Just the Facts (If You Want An F) – History at Libertas Academy

Today I have a guest post by Jacob Phillips.  Jacob is joining Libertas this coming school year to teach Western Civilization.

What was the Missouri Compromise?

Bad answer: The Missouri Compromise was a federal statute, passed in 1820, that regulated slavery in the western territories. It was passed mainly because of the efforts of “The Great Compromiser,” Henry Clay, and it established a line north of which were “free territories” and south of which were “slave territories.”

Good answer: The Missouri Compromise was an example of how 19th century politicians continually employed stopgap measures to resolve conflicts regarding slavery, and was arguably the first concrete sign that war was inevitable.

The preceding example is used to illustrate a point – perhaps the least important thing about history courses are the specificity of facts. Nobody should care if the Missouri Compromise was passed in 1820 or 1819, and if you put a gun to my head, I would still not be able to tell you the longitude and latitude of the Mason-Dixon line. History is about significance; to the extent that the who, where, how and what of a situation are important, it is only to provide meaningful context for why a given event was significant.

If you have a child who is an advanced middle school or a high school student I invite you to join my Western Civilization class this coming school year, not because I think your kids should be more knowledgeable about historical facts. I invite you to join because history is a collection of stories; stories of redemption, hope, fear, longing, ambition, temptation, cowardice, courage, cleverness, betrayal and manipulation. The importance of history is not that we learn about it, but that we learn from it. That’s why the best history courses begin not with “Here’s what happened…” but with “Once upon a time…”

Our goal will not be merely to learn that William Wilburforce was courageous, but to learn what it means to be courageous, and the effect our courage can have on the world around us. Our goal will not be merely to learn about the what and where of World War II, but to discover how uncritical patriotism can make the world burn.   It might not be important to know what crusade happened in which year, but it probably is important to analyze how political leaders use religious pretexts to being about their own, selfish goals.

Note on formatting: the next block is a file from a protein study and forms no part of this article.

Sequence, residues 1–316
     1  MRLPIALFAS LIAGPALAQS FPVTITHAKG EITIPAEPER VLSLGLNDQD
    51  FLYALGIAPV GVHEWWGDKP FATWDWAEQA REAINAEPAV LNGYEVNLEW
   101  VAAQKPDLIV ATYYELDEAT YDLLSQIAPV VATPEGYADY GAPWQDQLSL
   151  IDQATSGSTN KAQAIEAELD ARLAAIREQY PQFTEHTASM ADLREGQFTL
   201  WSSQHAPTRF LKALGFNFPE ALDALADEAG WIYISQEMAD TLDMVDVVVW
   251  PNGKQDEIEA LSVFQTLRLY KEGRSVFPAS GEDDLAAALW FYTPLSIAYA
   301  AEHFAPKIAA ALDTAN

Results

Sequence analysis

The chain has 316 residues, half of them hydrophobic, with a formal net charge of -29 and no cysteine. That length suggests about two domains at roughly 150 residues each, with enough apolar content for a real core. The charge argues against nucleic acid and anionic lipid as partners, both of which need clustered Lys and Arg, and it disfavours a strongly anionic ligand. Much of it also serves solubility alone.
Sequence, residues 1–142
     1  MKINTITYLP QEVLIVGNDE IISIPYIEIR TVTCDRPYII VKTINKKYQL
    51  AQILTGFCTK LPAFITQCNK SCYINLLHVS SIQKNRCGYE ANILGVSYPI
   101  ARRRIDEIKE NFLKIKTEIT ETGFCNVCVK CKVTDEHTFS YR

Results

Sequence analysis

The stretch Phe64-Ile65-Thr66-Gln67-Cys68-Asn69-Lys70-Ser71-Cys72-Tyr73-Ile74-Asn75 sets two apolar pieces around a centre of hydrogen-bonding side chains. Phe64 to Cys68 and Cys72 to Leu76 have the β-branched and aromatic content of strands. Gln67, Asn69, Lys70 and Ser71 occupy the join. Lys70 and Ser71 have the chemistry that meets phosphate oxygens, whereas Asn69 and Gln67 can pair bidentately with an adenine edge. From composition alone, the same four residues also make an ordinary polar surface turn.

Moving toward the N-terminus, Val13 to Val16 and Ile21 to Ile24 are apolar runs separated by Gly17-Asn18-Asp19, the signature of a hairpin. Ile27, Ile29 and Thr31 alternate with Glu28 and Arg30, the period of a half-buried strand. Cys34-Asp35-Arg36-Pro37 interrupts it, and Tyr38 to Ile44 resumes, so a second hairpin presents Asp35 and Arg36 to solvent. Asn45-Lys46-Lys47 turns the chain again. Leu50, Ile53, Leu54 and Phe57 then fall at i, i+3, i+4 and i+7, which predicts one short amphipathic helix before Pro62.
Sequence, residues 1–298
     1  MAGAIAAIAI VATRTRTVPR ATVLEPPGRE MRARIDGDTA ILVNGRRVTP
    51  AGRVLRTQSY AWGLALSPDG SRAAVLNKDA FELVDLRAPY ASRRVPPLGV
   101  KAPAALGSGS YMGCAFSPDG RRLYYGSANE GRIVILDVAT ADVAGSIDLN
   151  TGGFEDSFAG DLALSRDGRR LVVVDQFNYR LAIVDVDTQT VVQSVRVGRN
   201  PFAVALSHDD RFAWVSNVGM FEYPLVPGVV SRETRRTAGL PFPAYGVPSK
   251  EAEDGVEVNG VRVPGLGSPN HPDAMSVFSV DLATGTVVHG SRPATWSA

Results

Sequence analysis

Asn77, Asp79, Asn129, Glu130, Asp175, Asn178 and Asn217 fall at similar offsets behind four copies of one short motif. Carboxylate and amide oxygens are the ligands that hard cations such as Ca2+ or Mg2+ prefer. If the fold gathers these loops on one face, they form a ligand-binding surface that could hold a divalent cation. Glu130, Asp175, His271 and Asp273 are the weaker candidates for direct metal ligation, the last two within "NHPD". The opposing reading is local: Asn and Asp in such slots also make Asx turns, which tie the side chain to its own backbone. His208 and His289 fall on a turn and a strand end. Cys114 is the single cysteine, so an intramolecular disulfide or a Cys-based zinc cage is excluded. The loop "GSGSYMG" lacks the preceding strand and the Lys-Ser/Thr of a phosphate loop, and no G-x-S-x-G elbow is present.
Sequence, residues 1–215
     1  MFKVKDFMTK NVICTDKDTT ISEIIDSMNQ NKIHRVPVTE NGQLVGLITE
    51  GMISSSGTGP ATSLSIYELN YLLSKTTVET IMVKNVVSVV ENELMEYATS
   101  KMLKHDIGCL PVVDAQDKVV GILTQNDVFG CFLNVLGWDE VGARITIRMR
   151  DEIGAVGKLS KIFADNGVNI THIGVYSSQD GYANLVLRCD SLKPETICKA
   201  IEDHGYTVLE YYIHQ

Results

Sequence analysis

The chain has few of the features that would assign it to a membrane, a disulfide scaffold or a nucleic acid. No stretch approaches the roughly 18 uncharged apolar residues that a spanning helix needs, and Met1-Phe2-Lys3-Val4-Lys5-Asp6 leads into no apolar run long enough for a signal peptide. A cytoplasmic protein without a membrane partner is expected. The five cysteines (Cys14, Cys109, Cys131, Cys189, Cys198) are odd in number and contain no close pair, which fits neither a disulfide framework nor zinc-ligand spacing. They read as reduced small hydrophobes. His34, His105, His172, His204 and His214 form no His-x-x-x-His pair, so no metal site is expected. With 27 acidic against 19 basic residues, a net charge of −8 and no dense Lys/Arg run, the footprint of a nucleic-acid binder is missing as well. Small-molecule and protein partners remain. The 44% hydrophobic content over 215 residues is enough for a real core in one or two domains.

My goals is that at the end of the school year, students will be better researchers, better equipped for college courses, and have a richer understanding about why we got to where we are today, not just how we got to where we are today.   If I do my job right, then while I can’t promise you they’ll know how many wives Henry VIII had, I can promise you they’ll know why England is Protestant.

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Homeschool graduate, Jacob Phillips, graduated with his B.A. in History from the University of Central Florida. His senior thesis paper analyzed the impact that Pope Leo X and Catholicism generally had on the development of Nazism and the ease with which the Holocaust was accepted in Germany particularly and Europe more generally. He is graduating this spring with a J.D. from the University of Florida Levin School of Law. He has worked with a public policy think tank on improving the provision of education in juvenile detention facilities; their suggestions are currently being presented to Governor Rick Scott and the Florida Department of Education. He also interned with Alliance Defending Freedom, an organization committed to defending religious freedom that has represented litigants before the Supreme Court, and clerked with Judge Eric F. Melgren, Federal District Court of Kansas, the last judicial appointee of President George W. Bush. He has a passion to see high school students better equipped and prepared for undergrad courses and to envision students as to the importance and significance of studying humanities.

For more information on this, or any other classes at Libertas Academy, email libertasacademyorlando@gmail.com or visit http://www.LibertasAcademyOrlando.com.

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